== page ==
Childhood Obesity Causes & Consequences
Childhood obesity is a complex health issue. It occurs when a child is well above the normal or healthy weight for his or her age and height. The causes of excess weight gain in young people are similar to those in adults, including behavior and genetics. Obesity is also influenced by a person’s community as it can affect the ability to make healthy choices.
Behaviors that influence excess weight gain include eating high-calorie, low-nutrient foods and beverages, medication use and sleep routines. Not getting enough physical activity and spending too much time on sedentary activities such as watching television or other screen devices can lead to weight gain.
In contrast, consuming healthy foods and being physically active can help children grow and maintain a healthy weight. Balancing energy or calories consumed from foods and beverages with the calories burned through activity plays a role in preventing excess weight gain. In addition, eating healthy foods and being physically active helps to prevent chronic diseases such as type 2 diabetes, some cancers, and heart disease.
Use these resources to eat well and be active!
A healthy diet follows the 2015-2020 Dietary Guidelines for Americansexternal icon.It emphasizes eating a variety of vegetables and fruits, whole grains, a variety of lean protein foods, and low-fat and fat-free dairy products. It also recommends limiting foods and beverages with added sugars, solid fats, or sodium.
The Physical Activity Guidelines for Americansexternal icon recommends children aged 6 – 17 years do at least 60 minutes of moderate to vigorous physical activity every day. Children aged 3 through 5 years should be physically active throughout the day for growth and development.
Learn more about Healthy Weight—Finding a Balance
It can be difficult to make healthy food choices and get enough physical activity in environments that do not support healthy habits. Places such as childcare centers, schools, or communities can affect diet and activity through the foods and drinks they offer and the opportunities for physical activity they provide. Other community factors include the affordability of healthy food options, peer and social supports, marketing and promotion, and policies that determine how a community is designed.
More Immediate Health Risks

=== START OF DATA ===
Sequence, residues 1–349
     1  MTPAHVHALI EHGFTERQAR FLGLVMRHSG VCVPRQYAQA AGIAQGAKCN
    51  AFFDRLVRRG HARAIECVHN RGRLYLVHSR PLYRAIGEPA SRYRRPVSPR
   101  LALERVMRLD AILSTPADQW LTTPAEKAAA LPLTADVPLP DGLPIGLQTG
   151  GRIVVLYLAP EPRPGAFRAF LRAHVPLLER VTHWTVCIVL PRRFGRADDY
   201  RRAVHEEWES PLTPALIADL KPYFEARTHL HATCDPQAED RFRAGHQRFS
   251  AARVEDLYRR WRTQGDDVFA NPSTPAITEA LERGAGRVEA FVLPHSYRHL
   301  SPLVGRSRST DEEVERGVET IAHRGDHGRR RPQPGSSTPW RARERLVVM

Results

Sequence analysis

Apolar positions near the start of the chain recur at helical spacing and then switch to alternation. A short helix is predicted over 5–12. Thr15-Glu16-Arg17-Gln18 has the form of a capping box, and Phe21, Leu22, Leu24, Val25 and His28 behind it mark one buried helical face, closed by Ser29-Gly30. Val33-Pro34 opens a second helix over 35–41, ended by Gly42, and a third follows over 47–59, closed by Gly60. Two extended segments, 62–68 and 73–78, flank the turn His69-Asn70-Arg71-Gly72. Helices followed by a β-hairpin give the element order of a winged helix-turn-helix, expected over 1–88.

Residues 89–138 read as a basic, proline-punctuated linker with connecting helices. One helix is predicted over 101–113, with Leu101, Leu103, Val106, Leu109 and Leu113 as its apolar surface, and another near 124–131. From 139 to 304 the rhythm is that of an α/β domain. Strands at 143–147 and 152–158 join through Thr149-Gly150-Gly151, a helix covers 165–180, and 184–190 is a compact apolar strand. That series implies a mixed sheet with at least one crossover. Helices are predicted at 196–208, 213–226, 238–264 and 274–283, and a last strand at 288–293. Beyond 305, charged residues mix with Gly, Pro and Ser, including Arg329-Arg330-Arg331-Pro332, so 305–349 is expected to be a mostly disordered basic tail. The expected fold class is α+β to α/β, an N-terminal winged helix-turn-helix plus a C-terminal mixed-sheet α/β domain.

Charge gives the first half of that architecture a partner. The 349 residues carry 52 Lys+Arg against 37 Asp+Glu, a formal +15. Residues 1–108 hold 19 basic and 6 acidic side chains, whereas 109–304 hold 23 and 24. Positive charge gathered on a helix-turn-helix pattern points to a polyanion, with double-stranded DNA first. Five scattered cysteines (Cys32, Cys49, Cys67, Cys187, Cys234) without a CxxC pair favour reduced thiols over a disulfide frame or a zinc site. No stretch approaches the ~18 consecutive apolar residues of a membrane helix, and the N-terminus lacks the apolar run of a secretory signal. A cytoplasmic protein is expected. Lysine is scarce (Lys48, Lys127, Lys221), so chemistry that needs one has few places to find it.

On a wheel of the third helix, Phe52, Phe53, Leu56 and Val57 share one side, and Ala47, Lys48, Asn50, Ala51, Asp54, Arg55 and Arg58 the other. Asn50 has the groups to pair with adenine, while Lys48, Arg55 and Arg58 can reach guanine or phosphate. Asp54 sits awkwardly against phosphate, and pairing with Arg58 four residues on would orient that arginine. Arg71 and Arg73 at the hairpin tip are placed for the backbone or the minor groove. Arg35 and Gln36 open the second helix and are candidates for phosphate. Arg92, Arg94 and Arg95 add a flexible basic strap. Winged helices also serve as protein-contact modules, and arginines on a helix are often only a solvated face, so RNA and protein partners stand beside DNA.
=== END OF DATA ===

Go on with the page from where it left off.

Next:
- Obesity during childhood can harm the body in a variety of ways. Children who have obesity are more likely to have:(1-7)
- High blood pressure and high cholesterol, which are risk factors for cardiovascular disease.
- Increased risk of impaired glucose tolerance, insulin resistance, and type 2 diabetes.
- Breathing problems, such as asthma and sleep apnea.
- Joint problems and musculoskeletal discomfort.
- Fatty liver disease, gallstones, and gastro-esophageal reflux (i.e., heartburn).
Childhood obesity is also related to8-10:
- Psychological problems such as anxiety and depression.
- Low self-esteem and lower self-reported quality of life.
- Social problems such as bullying and stigma.
Future Health Risks
- Children who have obesity are more likely to become adults with obesity.11 Adult obesity is associated with increased risk of several serious health conditions including heart disease, type 2 diabetes, and cancer.12
- If children have obesity, their obesity and disease risk factors in adulthood are likely to be more severe.13
- Cote AT, Harris KC, Panagiotopoulos C, et al. Childhood obesity and cardiovascular dysfunction. J Am Coll Cardiol. 2013;62(15):1309–1319.
- Lloyd LJ, Langley-Evans SC, McMullen S. Childhood obesity and risk of the adult metabolic syndrome: a systematic review. Int J Obes (Lond). 2012;36(1):1–11
- Bacha F, Gidding SS. Cardiac abnormalities in youth with obesity and type 2 diabetes. Curr Diab Rep. 2016;16(7):62. doi: 10.1007/s11892-016-0750-6.
- Mohanan S, Tapp H, McWilliams A, Dulin M. Obesity and asthma: pathophysiology and implications for diagnosis and management in primary care. Exp Biol Med (Maywood). 2014;239(11):1531–40.
- Narang I, Mathew JL. Childhood obesity and obstructive sleep apnea. J Nutr Metab. 2012; doi: 10.1155/2012/134202.
- Pollock NK. Childhood obesity, bone development, and cardiometabolic risk factors. Mol Cell Endocrinol. 2015;410:52-63. doi: 10.1016/j.mce.2015.03.016.
- Africa JA, Newton KP, Schwimmer JB. Lifestyle interventions including nutrition, exercise, and supplements for nonalcoholic fatty liver disease in children. Dig Dis Sci. 2016;61(5):1375–1386.
- Morrison KM, Shin S, Tarnopolsky M, et al. Association of depression and health related quality of life with body composition in children and youth with obesity. Journal of Affective Disorders 2015;172:18–23.
- Halfon N, Kandyce L, Slusser W. Associations between obesity and comorbid mental health, developmental, and physical health conditions in a nationally representative sample of US children aged 10 to 17. Academic Pediatrics. 2013;13.1:6–13.
- Beck AR. Psychosocial aspects of obesity. NASN Sch Nurse. 2016;31(1):23–27.
- Gordon-Larsen P, The NS, Adair LS. Longitudinal trends in obesity in the United States from adolescence to the third decade of life. Obesity. 2010;18(9):1801-–804.
- Jensen MD, Ryan DH, Apovian CM, et al, for the American College of Cardiology/American Heart Association Task Force on Practice Guidelines; Obesity Society. 2013 AHA/ACC/TOS guideline for the management of overweight and obesity in adults: a report of the American College of Cardiology/American Heart Association Task Force on Practice Guidelines and The Obesity Society. J Am Coll Cardiol. 2014;63(25 Pt B):2985–3023. doi: 10.1016/j.jacc.2013.11.004.
- Bass R, Eneli I. Severe childhood obesity: an under-recognized and growing health problem. Postgrad Med J. 2015;91(1081):639-45. doi: 10.1136/postgradmedj-2014-133033.